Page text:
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Why I Started VPSC

When I went to "Bring Your Kid to Work Day" at Aerojet with my dad sometime in the late 90's or early 00's, I knew immediately. Aerojet had a bunch of large buildings on their campus. Some of those buildings were for manufacturing, fabrication, property storage, etc. Other buildings, like the one my dad worked in, were for office work. When you walked in you were hit with stale air, commercial lighting with a low hanging drop ceiling, and weird off-white half walls that seemed to be made out of a fuzzy carpet like material. To a young Robert, this building was not the best introduction to "grown up work". It felt stale, quiet, and boring. I knew immediately that I would not, and could not, work in a cubicle, devoid of the sunlight and outside world all day every day. It wasn't going to happen.


One of the best parts of that day was watching the scientists demonstrate various experiments and see them geek out like all of us kids watching the show. But the single best part of that day was when my dad took me out to a warehouse where a couple of his work buddies were hanging out. This storage warehouse wasn't setup for "Bring Your Kid to Work Day". I probably wasn't even supposed to be there. After avoiding the rattle snake as we walked in, the first thing I saw was a basketball hoop all the way in the back past the lone office. That was it. Nothing else mattered, I was getting shots up. If my dad would have let me, I'd have spent the rest of the day there.


 

I was adopted at the age of 5 by my aunt and uncle. I grew up an only child with an almost non-existent extended family. Sports provided me the opportunity to spend time with a group of people multiple times a week for a few months at a time. I didn't realize it growing up, but sports gave me the extended family that I didn't have. It gave me "brothers", if only for a season. I didn't know it, they didn't know it, but these experiences were solidifying the importance physical fitness and sports would have in my life into adulthood.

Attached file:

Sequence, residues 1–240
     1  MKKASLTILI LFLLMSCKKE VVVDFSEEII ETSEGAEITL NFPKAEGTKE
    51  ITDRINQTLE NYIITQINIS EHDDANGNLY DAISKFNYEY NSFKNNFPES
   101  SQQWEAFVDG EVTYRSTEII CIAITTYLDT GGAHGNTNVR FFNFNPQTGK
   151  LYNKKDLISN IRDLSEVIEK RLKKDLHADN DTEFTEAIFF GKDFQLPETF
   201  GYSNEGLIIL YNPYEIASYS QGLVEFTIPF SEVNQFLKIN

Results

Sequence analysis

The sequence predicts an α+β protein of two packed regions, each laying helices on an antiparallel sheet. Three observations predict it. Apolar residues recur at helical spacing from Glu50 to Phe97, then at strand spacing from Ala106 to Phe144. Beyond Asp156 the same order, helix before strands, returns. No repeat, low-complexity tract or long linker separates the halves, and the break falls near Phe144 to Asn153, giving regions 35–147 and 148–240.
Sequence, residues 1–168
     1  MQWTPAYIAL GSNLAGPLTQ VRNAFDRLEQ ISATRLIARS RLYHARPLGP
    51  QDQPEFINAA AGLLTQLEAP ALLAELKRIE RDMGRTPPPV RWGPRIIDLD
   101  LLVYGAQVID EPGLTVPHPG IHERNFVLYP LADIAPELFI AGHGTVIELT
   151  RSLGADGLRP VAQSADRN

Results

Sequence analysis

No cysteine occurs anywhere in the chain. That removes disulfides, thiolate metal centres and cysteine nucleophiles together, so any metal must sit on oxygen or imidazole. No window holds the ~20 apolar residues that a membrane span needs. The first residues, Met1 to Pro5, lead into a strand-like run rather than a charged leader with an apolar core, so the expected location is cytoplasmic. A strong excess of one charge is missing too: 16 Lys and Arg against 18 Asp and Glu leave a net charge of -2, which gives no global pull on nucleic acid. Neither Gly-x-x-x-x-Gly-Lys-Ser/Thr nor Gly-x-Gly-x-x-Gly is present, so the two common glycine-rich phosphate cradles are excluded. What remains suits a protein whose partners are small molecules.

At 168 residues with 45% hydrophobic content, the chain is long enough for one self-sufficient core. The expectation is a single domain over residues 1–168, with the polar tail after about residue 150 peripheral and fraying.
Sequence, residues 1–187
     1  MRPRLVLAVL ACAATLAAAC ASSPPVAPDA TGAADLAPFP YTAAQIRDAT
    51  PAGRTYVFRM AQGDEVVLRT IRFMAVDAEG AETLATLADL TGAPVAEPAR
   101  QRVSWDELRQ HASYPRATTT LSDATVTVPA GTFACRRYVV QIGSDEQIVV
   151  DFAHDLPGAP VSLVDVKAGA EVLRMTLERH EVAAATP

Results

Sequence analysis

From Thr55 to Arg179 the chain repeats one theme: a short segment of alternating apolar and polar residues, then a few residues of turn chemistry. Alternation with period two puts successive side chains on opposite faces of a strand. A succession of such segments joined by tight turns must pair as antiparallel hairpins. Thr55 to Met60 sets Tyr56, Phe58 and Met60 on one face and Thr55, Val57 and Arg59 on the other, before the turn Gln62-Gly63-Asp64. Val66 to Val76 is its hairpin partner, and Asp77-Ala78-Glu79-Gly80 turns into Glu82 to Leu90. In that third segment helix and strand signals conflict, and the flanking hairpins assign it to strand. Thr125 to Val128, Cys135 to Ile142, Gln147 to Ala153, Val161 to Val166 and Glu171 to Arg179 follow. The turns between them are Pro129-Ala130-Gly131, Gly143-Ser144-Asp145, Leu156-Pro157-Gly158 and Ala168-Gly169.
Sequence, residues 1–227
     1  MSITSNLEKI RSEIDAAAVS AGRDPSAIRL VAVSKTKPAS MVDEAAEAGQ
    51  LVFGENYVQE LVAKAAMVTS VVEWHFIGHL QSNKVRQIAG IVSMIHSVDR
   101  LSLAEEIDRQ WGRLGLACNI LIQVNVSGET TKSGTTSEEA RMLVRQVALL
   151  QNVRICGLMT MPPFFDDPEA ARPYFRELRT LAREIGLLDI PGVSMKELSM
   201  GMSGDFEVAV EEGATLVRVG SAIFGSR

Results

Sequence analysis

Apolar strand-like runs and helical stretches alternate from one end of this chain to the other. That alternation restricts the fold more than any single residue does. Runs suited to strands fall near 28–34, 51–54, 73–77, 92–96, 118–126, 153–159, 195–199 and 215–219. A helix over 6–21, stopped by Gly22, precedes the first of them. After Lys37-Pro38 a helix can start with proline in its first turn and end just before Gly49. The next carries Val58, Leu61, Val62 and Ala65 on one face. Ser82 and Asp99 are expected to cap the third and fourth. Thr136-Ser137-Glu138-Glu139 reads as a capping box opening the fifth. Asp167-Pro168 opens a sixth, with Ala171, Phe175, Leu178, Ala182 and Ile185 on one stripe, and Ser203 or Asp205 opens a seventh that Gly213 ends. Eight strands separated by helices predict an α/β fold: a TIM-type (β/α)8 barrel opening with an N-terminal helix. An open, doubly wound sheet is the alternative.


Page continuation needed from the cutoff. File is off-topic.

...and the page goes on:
Like a lot of kids in high school, I had no idea what I wanted to do when I grew up. I did know, however, what I didn't want to do. I did not want to work a desk job, or anything that resembled desk work. When it came time to do my senior project in high school, I chose to coach youth football for the Folsom Jr. Bulldogs. At the time, I thought I chose it because it was the easiest and simplest project for me to do. Putting the project together, I thought something to the effect of, "What a waste of time this is. I didn't learn anything other than I can really fake a project." That season I showed up to practices and games more than I had committed to. I was always early and excited to be there to help the younger kids out. I didn't put any thought into it. It just happened. I was looking forward to being out there every single day. When it came time to present my project at the end of the year, I received extra recognition for the quality of my project from one of the people on the scoring panel. This, for the senior in high school who was taking 11th grade English for the second time.